Are we really serious about being followers of Jesus? If we had been in the crowd that day and heard Jesus talk in such terms as turning away from your family, and possibly losing your life, what would we have done? Would we be some of those who quietly slip away from the crowd to return home? Or would we have stayed to listen to what else this radical preacher had to say about how we should live our lives? How much are we willing to commit to be followers of Jesus Christ?
     In Luke's gospel, the family, as the main social structure, is redefined by this new faith. Jesus redefines family, not just as those with whom we share bloodlines, but as those who "hear the word of God and do it." Discipleship moves us beyond our comfortable family ties to start new relationships with others who are committed to Christ, and who then become our new family.
     This is how we have become this parish family at St. John's. Our common commitment to Christ leads us to take care of each other, pray for each other, support each other, to be with each other in the ups and downs of life. As in any family, we agree on some things and disagree on others. We make mistakes, learn from them and move on, always keeping our focus on God. We have different personalities, different talents, different gifts, and that is good. That is what makes up this church family. And our church family includes those who have gone before us, those who have moved away and those who have died. The family of God is large and diverse and that is a good and powerful thing.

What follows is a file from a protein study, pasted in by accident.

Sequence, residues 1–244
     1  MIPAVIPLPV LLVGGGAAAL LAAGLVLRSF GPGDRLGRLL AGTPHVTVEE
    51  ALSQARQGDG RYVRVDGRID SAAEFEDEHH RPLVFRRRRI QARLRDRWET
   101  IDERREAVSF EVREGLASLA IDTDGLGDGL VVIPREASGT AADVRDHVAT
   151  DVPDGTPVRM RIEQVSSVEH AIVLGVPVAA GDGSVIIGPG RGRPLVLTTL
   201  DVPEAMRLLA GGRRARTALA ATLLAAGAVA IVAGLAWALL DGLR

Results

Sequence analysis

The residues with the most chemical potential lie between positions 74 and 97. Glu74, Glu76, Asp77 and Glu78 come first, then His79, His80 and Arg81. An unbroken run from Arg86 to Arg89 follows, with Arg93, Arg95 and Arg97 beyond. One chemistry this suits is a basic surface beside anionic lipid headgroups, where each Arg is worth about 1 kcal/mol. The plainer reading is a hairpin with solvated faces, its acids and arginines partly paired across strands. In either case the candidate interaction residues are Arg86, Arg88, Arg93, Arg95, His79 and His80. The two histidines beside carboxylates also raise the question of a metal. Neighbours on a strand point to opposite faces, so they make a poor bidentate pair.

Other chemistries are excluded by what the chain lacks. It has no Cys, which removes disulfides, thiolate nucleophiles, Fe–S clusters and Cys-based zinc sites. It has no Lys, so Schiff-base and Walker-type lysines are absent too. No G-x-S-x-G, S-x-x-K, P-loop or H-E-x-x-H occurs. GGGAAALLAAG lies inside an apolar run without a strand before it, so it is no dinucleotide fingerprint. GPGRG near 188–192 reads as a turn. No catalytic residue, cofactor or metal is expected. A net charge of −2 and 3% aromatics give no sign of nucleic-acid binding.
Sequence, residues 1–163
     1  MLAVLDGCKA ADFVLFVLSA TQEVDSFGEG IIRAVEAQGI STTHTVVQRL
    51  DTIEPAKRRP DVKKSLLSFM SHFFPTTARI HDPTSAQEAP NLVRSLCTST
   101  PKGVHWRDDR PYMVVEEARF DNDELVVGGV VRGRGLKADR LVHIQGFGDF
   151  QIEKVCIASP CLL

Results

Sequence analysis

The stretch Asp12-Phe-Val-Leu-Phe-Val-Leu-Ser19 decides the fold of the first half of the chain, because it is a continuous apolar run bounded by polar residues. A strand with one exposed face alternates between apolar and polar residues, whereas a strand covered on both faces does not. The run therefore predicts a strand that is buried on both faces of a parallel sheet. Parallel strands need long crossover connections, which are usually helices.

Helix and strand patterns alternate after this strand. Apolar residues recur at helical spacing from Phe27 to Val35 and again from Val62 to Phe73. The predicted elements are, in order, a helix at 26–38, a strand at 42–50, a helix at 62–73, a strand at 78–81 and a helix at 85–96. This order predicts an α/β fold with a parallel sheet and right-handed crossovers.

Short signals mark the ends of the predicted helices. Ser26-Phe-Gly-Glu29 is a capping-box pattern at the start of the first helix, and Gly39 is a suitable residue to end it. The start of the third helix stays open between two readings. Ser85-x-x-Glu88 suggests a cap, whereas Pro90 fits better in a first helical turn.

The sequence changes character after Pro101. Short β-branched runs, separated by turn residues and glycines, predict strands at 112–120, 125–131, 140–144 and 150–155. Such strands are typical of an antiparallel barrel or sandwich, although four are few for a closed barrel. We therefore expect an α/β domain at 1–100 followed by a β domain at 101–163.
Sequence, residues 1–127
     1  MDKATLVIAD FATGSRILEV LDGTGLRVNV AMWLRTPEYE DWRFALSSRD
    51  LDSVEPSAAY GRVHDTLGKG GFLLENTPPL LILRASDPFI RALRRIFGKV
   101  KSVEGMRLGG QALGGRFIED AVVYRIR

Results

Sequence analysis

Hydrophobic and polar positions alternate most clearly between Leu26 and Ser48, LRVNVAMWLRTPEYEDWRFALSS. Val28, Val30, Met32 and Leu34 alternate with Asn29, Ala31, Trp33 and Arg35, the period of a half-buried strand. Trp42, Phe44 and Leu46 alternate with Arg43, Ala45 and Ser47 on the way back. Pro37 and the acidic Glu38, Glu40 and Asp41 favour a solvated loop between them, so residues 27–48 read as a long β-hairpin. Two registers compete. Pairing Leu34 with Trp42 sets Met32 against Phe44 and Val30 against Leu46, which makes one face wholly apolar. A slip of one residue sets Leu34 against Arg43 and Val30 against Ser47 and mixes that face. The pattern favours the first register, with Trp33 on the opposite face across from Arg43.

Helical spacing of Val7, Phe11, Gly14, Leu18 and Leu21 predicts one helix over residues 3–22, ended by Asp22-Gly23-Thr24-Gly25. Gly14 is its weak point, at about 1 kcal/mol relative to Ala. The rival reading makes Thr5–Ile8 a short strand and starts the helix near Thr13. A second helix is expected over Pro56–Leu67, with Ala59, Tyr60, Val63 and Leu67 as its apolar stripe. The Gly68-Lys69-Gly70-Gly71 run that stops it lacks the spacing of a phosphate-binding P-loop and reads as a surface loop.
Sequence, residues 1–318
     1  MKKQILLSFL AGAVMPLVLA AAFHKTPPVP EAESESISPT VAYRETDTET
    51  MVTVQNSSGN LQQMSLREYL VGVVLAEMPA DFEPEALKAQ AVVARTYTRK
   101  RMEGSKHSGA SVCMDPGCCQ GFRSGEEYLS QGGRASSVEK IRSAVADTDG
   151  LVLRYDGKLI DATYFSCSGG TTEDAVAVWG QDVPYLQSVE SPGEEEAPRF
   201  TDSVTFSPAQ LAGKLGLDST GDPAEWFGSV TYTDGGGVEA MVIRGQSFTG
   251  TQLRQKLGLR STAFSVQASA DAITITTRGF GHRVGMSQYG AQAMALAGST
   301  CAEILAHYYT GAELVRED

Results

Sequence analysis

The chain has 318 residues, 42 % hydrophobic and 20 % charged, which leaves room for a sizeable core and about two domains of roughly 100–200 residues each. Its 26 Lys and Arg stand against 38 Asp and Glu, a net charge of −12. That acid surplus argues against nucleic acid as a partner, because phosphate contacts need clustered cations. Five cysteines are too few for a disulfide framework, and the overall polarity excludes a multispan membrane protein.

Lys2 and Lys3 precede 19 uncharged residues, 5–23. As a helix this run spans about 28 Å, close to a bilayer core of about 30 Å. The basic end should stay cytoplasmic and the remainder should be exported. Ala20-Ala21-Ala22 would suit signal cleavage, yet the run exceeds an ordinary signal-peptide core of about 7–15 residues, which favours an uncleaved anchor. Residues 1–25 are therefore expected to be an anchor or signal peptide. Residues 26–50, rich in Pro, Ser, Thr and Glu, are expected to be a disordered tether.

Many things that we do in our lives involve making a commitment of time, money and energy. We may choose to further our education, or learn a new skill. Parenting is another example. In order to be a good parent, great commitment, time and energy is required. Movements like the civil rights movement or the "Me-Too" movement requires commitment, time and energy.
     We look at these examples of commitment and wonder why we so easily shy away from making a commitment of time, money and energy when it comes to the church and matters of faith. Why do we back away from taking on the cost of being a disciple?
     The joy that comes from being a disciple of Jesus Christ is well worth the cost and commitment. Every part of our lives is touched by being a disciple. It is worth the cost, the commitment, the time, the money and the energy. It not only changes us now, but it leads to eternal life. The joy that comes from gathering with fellow disciples each Sunday and worshipping God together has no bounds. The joy that comes from knowing we are part of a parish family, a community of faith, can sustain us through the dry and tough times of our faith.
     Moses told the Israelites to choose life. Choose to follow God. Choose to live in accordance with God's commandments. Jesus lays out the cost of being a disciple. He invites us to join him in spreading the gospel. What will our answer be? Will we pay the cost and make the commitment? That answer is up to each and every one of us. Amen.